- March 14, 2017
- Posted by: Josiah Hincks Solicitors
- Category: Property Law Updates
Allocation of land for housebuilding always greatly boosts its value and is a crucial step towards development. However, as one High Court case involving a plot of rural land that had been earmarked for new homes for almost 70 years showed, such allocations are not always decisive.
The land, on the outskirts of a village, had been purchased by a local authority in 1949 with a view to housing development. However, it lay within the Green Belt and numerous attempts to develop it had ended in failure. Most recently, the local council – successor in title to the original purchaser – had granted consent for construction of 10 affordable homes on the site.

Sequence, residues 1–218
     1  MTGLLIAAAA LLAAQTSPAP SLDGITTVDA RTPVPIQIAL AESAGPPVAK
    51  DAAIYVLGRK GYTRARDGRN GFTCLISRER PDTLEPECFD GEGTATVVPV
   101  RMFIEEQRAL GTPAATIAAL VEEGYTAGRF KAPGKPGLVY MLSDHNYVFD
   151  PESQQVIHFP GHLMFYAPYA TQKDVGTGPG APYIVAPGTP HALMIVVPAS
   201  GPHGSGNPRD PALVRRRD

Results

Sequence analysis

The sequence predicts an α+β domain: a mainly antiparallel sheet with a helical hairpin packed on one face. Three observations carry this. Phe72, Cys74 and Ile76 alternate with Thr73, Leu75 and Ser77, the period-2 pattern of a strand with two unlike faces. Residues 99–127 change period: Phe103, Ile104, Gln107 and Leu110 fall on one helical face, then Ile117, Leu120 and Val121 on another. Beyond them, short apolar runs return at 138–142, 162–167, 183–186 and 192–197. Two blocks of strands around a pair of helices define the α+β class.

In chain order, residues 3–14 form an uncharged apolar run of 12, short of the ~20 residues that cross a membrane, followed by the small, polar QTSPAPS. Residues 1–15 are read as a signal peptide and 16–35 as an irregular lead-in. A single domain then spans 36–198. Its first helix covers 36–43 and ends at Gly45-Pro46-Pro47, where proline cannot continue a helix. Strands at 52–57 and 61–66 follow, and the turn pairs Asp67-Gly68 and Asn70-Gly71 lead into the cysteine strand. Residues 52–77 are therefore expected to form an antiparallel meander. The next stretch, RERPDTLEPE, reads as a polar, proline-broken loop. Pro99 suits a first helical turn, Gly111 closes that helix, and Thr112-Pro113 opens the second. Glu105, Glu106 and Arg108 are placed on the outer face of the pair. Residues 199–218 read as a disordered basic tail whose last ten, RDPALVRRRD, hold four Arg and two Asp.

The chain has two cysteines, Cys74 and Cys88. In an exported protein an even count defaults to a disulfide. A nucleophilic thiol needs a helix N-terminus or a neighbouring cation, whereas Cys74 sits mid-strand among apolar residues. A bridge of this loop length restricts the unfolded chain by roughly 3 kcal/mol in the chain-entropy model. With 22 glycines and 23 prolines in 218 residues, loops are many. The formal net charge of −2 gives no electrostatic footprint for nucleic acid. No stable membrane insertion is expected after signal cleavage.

That permission was granted despite a recommendation from one of the council’s own planning officers that it should be refused. Whilst recognising the need for more affordable homes in the area, the officer had reported that such considerations were outweighed by the harm that the development would cause to the historic environment and landscape character of the area.
In quashing the consent at the behest of a local objector, the Court noted the site’s importance as a rural buffer on the edge of the village. The council had erred in its interpretation of national policy in finding that the pressing requirement for affordable homes rendered the project an appropriate development in the Green Belt.